Specific information about this proposal is available at

On the 4/10/17 City Council consent agenda, item 7 schedules a public hearing for the May 8 Council meeting.  At the May 8 meeting, after presentation, discussion, and public testimony on the proposal, the Council will vote on whether to proceed.

The proposal calls for:

  • two separate buildings containing 30 and 24 units, likely developed in two phases
  • a maximum of 14 of the 54 total units will be 2-bedroom units, and the remainder 1-bedroom units
  • apartments geared towards households earning 60% or less of the Area Median Household Income, with six of the units “market rate” with no income restrictions
  • an attempt to preserve and reuse the 2,600SF brick office building at the site
  • projected generation of approximately $115,000 in new property taxes upon full build out in 2021/2022, with $3 million in new assessed value

Please feel free to contact me with questions or concerns. It’s very important for me to hear from you before this goes to Council vote. or 753-9609

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Concord Investments in Penacook


With tax season here again, let’s look at how much of our City tax dollars have been spent right here in Penacook. The City has invested over $8 million on Penacook projects since 2012, and $2 million on the Tannery site since 2003. Here is a breakdown of those investments.

U.S. Route 3 (Fisherville Rd)

$6.4 million

Boscawen town line to south of Manor Rd, incl. underground utilities

Clean & Line Water Mains

$1 million

High, Summer, Cross, Shaw, Stark, Dolphin, Community Dr.

Sanitary Sewer Rehabilitation


Village St., Elm, Washington, Webster, Merrimack, Sanders, Summer Sts.

Penacook Village Zoning Grant


Rolfe Park Pool Replacement





Tannery Site

$2 million ($2 million of City funds, plus almost $3 million of grant money)

Purchase of parcels, environmental clean-up, etc.



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Tannery Project

What’s been happening with the former Allied Tannery site in Penacook Village? The City of Concord has spent almost $5 million since 2003 in an effort to redevelop this site. In 2015 the City hired a commercial real estate broker to market and show the property.  Our options are to continue to market and listen to offers on the property, or to pull it off the market and let it sit as is.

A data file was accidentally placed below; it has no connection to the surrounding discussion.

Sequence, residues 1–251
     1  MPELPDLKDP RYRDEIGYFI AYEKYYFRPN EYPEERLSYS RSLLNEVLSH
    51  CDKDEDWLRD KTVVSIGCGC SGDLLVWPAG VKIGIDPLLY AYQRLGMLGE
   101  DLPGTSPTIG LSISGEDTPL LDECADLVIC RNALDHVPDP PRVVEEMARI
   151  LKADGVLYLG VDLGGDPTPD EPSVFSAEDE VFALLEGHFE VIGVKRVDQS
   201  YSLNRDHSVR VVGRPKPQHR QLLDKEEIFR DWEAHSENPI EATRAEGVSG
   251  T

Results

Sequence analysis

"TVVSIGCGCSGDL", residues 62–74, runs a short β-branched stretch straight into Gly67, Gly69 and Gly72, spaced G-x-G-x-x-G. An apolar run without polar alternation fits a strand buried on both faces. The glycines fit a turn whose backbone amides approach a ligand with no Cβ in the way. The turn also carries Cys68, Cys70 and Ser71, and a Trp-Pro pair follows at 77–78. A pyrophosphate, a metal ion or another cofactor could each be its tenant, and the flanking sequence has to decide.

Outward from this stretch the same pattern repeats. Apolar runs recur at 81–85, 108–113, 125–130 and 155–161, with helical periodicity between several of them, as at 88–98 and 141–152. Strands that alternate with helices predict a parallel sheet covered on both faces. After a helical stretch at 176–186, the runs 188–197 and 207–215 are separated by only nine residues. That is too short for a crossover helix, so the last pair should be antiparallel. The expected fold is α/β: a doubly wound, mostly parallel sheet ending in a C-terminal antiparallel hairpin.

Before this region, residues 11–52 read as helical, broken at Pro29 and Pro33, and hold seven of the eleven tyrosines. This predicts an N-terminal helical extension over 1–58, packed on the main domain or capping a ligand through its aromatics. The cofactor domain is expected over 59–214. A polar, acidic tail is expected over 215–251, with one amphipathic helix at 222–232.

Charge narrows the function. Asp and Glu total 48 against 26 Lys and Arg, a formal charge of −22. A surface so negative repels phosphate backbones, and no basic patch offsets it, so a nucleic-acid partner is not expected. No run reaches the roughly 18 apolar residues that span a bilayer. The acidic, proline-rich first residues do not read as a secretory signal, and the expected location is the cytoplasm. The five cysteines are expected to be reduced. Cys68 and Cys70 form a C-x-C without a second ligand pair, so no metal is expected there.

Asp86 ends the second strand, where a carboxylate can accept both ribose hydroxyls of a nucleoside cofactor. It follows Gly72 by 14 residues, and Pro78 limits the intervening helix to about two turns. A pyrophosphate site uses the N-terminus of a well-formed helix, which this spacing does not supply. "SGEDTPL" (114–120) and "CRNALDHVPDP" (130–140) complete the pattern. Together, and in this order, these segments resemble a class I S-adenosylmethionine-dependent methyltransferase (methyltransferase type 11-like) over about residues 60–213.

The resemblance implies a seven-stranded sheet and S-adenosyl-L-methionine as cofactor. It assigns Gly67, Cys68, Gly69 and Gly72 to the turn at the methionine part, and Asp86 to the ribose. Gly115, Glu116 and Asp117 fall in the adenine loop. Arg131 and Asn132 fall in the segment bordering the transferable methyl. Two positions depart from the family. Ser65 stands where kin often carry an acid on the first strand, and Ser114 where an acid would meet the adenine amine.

Net project investment to date = $4.9 million ($2 m = City; $2.9 m = grant money)

Since 2003 the City has acquired 8 parcels – 6.15 acres

2011 – Penacook Family Physicians was built – valued at $1.8 million

2014 – Environmental Clean-up was completed

2015 – Hired a commercial real estate broker; prepared redevelopment concept & marketing materials

To date: Approximately 300 views of property for our listings & was direct marketed to over 260 developers; have had direct discussions with 19 parties and 3 showings

  • Strengths for development of the property
    • Clean-up is complete
    • Convenient to I-93
    • Riverfront setting
    • Walkable to Village
    • In a TIF District (tax advantages of Tax Increment Financing District)
    • Recent village improvements (utilities upgrades, paving, sidewalk + lighting improvements)
  • Weaknesses:
    • Small lot (2.5 acres)
    • Low traffic count (just over 7K cars per day)
    • The lot dips 2/3 a story below Canal Street
    • Encapsulated contamination remains
    • Low population density
    • Tax Rate higher than the Concord school district
    • Many vacancies currently exist in Penacook
  • Options: Continue to market the property and listen to offers, pull it off the market and let it sit.
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Frank Beede House update

Thank you to everyone who attended Monday night’s hearing about the demolition plans for the Beede House, and to all who have contacted me to express their opinions on this matter. Discussions are continuing, and we will be scheduling another meeting soon to continue the conversation. In the meantime, please feel free to contact me with any additional comments, concerns or suggestions.


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March 8 Monitor article

At meeting in Penacook, many call on American Legion to preserve historic Beede House 
The old Beede House is seen on Washington Street in Penacook on Monday, Feb. 22, 2016. The American Legion Post 31 has applied for a permit to demolish the historic home.

(ELIZABETH FRANTZ / Monitor staff) The old Beede House is seen on Washington Street in Penacook on Monday, Feb. 22, 2016. The American Legion Post 31 has applied for a permit to demolish the historic home. (ELIZABETH FRANTZ / Monitor staff)


Monitor staff

Tuesday, March 8, 2016

Rick Jacques’s father served in the military, and some of his closest friends are members of the American Legion Post 31 in Penacook.

Jacques is also the president of the Penacook Historical Society, a member of the Heritage Commission and a self-proclaimed lover of old buildings.

So when he stood to speak Monday night about the legion’s plan to demolish a historic Washington Street duplex in favor of a new post, he told the crowd he spoke “with a heavy heart.”

“That’s why this hurts so much,” Jacques said.